GrogHeads Interviews Heather Brown of Proving Ground Games

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With an Origins Award-winning game already on the market, Proving Ground Games is getting ready to branch out with a Kickstarter campaign for a more traditional board game.  Heather Brown, business manager and game designer for Proving Ground, was kind enough to give us a few moments to talk about 1740, and the launch of their Kickstarter campaign.



So 1740 appears to be a pretty wide change of direction for the company that just won the award for Best Historical Minis game at Origins. What’s the thought process behind 1740 and how did become the “next game out the door” for you guys?

1740 has been in the back of my head for years. We went with Fields of Fire first because we had a well-tested set of beta rules from the 90s that just needed updating and tweaking. Books are less expensive and easier to publish, so we wanted our first foray into game production to be something that we knew we could get off the ground.

Now that we have that experience behind us, we’re poised to launch additional projects with a much better handle on the process. 1740 is a departure from Fields of Fire, but it still falls within our core game development philosophy. Our mission statement, if you will, is to produce games that are historical, accurate, fun to play, and easy to learn. 1740 fits that to a tee.

As far as why 1740 and not something else? I’ve loved 18th Century history since I was a girl. I grew up reenacting and actually my husband Mark and I met at a reenactment. One of my favorite books in high school was Outlander. It’s the story of a woman from 1945 being thrust back into Scotland in the 18th C. That kind of thing resonates with a reenactor. When I met Mark, he was portraying a Scottish loyalist regiment in the Revolution. So, 1740 brings together a lot of my passions into one place.

Give the audience the ‘elevator pitch’ for 1740. Why is this a game that strategy gamers in general, and wargamers in particular, should be picking up?

When I designed 1740, my goal was to not only capture the feudal nature of the Scottish Highlands, but also come up with a board game combat system that replicates both cattle lifting (stealing cattle being the second oldest profession in the Highlands) and inter-clan combat with ease. It’s an area control game where no one can walk across the board with impunity, and you get to kidnap your friends, hold them for ransom, make and break alliances, haggle, and generally cause mayhem.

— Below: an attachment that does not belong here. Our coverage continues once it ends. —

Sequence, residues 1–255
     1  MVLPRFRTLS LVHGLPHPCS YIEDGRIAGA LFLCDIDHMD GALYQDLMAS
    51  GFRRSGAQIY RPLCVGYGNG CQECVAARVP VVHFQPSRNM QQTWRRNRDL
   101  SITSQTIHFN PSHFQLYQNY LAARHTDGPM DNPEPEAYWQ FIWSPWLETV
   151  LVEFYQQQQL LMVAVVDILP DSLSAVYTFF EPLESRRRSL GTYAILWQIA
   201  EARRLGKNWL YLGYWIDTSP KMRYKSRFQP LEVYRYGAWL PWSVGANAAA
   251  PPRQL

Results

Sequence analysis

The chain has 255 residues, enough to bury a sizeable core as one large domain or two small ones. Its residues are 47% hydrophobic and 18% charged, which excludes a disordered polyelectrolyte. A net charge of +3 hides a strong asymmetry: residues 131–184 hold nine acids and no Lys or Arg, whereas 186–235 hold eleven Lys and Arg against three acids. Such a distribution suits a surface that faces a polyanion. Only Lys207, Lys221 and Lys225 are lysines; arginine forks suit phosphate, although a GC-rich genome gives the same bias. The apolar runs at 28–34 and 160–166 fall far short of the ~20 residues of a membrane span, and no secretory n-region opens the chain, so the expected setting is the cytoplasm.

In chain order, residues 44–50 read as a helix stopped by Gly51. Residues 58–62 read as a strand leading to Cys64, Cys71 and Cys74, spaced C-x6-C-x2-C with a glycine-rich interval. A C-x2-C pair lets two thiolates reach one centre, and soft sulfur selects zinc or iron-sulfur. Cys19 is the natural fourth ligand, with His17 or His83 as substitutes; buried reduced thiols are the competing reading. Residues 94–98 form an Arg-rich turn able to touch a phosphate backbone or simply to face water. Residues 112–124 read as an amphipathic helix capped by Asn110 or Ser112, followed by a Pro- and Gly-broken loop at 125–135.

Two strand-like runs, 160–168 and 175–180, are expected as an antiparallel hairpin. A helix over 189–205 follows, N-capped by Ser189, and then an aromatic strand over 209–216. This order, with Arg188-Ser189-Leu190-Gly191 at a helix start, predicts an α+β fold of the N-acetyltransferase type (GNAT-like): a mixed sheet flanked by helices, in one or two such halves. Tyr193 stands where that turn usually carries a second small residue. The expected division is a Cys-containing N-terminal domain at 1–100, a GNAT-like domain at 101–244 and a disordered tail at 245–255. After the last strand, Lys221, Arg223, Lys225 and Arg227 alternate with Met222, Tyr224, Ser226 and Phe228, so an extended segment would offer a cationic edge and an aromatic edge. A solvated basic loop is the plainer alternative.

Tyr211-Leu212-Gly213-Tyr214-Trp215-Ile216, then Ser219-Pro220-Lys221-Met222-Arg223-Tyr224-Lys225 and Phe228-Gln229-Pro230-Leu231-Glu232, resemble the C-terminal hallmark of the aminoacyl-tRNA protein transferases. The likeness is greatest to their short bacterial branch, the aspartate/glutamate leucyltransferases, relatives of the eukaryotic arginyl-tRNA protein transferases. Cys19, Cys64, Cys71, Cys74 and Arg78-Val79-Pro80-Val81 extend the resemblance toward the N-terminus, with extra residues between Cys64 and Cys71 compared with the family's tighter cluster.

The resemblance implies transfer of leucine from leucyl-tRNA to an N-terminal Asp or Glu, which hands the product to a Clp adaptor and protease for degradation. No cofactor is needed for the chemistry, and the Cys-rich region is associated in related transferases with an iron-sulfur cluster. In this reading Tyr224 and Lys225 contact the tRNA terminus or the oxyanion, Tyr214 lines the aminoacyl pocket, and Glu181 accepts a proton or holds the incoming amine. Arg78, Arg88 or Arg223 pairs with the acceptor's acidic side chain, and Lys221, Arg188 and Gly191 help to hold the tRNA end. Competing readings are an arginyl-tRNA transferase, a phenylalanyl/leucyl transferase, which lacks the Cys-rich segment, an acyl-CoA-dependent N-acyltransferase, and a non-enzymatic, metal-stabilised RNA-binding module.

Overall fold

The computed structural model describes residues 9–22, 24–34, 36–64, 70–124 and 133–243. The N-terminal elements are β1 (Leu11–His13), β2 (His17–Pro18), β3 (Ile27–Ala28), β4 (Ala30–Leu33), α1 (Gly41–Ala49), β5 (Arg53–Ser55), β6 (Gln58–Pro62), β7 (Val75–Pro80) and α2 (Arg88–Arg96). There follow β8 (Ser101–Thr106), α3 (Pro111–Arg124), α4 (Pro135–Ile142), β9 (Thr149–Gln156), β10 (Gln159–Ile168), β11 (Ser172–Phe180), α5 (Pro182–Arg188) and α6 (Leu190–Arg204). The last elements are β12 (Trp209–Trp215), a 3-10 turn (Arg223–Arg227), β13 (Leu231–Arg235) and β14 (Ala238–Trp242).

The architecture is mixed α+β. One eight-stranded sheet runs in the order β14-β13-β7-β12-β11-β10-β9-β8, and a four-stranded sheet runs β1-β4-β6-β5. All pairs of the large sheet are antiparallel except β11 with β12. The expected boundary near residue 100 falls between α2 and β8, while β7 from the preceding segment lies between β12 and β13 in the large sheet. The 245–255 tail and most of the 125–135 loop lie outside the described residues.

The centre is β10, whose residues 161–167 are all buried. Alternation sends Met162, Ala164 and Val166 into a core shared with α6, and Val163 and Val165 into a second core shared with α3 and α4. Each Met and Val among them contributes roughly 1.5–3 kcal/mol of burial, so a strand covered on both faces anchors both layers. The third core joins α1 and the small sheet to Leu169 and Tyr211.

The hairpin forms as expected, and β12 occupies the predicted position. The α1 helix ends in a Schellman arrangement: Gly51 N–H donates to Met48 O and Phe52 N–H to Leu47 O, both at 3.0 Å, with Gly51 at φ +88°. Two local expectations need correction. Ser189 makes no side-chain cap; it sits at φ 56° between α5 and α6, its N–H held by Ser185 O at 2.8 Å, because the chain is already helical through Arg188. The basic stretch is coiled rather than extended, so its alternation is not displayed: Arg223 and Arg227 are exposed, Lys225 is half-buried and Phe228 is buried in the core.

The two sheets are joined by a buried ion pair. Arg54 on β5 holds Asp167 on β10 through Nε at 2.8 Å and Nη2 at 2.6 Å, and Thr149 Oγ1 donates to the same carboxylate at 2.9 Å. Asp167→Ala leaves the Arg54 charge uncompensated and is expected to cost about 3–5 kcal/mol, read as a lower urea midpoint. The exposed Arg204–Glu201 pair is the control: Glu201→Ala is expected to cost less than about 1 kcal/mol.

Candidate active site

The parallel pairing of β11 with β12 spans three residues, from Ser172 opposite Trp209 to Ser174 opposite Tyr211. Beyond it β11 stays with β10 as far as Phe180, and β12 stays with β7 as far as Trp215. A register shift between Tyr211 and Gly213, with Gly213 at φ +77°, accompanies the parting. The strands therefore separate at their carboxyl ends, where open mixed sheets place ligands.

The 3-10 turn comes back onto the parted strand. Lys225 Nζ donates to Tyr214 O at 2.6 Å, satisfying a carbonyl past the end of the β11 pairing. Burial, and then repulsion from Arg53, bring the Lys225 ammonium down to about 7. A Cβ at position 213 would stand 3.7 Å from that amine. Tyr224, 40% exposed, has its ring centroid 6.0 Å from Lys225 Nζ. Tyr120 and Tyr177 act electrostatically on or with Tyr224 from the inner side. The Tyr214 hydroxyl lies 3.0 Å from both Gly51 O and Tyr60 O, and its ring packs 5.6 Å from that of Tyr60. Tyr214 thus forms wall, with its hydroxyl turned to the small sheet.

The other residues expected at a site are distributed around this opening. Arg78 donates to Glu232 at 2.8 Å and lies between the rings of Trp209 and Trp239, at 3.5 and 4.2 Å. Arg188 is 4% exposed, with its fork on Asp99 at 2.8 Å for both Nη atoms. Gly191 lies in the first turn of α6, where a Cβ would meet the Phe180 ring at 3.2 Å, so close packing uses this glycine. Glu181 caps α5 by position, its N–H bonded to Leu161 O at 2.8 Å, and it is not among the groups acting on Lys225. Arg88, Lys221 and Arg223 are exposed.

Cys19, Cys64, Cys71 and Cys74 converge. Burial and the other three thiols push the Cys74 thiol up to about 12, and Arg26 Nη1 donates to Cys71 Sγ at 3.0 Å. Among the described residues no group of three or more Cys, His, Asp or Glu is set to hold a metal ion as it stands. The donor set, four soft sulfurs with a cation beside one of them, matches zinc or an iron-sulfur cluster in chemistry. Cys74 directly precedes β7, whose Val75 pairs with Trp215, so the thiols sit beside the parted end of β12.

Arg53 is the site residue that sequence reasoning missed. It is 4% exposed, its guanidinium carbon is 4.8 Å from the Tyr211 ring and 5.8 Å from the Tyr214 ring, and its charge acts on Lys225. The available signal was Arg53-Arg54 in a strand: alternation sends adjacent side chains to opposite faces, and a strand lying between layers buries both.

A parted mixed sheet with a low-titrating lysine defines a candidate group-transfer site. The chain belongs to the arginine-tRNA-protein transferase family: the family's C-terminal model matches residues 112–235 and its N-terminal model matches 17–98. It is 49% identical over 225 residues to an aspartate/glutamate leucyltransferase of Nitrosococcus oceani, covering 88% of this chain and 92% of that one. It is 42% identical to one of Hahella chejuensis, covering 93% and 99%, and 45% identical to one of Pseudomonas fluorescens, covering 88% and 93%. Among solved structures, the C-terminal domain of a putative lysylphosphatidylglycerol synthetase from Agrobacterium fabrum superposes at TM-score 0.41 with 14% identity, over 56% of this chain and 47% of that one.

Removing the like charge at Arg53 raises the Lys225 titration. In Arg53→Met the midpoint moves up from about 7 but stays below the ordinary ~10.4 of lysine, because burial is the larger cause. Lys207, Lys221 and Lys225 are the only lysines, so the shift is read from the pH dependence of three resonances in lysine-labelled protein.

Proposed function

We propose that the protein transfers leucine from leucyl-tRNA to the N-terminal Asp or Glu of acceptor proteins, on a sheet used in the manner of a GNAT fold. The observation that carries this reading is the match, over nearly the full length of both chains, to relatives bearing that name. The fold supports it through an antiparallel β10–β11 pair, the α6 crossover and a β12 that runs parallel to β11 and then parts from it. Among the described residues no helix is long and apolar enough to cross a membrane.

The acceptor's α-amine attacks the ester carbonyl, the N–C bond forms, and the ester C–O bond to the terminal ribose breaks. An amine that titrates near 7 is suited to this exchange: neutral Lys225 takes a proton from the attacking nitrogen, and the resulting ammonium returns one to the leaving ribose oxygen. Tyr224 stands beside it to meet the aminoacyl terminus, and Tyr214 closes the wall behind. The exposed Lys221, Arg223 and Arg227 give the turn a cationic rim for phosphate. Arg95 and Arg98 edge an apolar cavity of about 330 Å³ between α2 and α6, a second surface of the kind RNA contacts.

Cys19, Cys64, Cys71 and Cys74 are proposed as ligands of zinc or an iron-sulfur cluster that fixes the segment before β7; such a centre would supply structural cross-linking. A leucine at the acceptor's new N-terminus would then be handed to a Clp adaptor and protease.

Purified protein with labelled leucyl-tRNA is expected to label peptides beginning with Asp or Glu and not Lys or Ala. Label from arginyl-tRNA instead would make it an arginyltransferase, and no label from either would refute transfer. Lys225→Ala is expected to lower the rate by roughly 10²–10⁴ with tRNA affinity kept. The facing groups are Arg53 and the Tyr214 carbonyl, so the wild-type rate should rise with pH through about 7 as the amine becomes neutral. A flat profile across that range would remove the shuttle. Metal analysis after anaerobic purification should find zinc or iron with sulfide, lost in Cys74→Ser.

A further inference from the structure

How would you describe the mechanics of the game?

The game is a hybrid between the “ameri-trash” systems and Eurogames. There are area control, economy, resource allocation, and dice-based combat. Each player controls a Clan Chief, the highlanders of the clan, cards that can be played to influence the way the game moves, a number of cattle, and a cash reserve. In the game, there are three types of cards: event cards, victory point cards, and standard cards. Event cards include things like famines and shipwrecks, that effect all players at the end of the game round.

Victory point cards represent famous people, places, and things from Scottish history. Depending on which cards a player controls, game play can change dramatically. For example, the Rob Roy card allows a player to steal all cattle from one board space. This is a pretty powerful ability and just having Rob Roy in play can change player strategy, even if he’s never used.

Finally, there are the standard cards. They provide temporary boosts or debuffs to player abilities. Increased movement, combat bonuses, forced alliances, and royal protection are some of the game effects standard cards can have.

Each clan starting area is roughly analogous to the area controlled by a major highland clan. They are separated by areas occupied by minor clans that can be allied to the player clans. By moving Highlanders into each area, players control those areas and the clans inhabiting them ally with the player. This allows the player to collect rents from the tenant farmers and gain control of any cattle in the area.

The available resources are asynchronous, meaning that each clan has different levels of available resources. Also, while each clan is fairly close to its neighbors, some have better defensive positions than others. Each of these factors is integrated to maintain game balance.

Combat is designed so that in nearly every circumstance, a player has a chance (even if small) of success and failure. The primary factor in successful combat is numerical advantage. The greater the advantage, the greater the chance of success. Combat rolls are unopposed, so you are simply rolling and checking the result against the table provided.



What are some comparisons to more popular current games that readers might recognize to help them make a decision on 1740? If you like _____ then you’re going to love 1740.

The first comparison I always hear is to Risk. Of course, that might be because I used Risk pieces in beta testing. I also used Clue pawns and no one draws that parallel, though. It is an area control game, though, so there are some similarities. The cards add an additional level of strategy and the game is designed so that no player can walk across the board with the right die rolls, though. So, it fixes some of the weaknesses of Risk.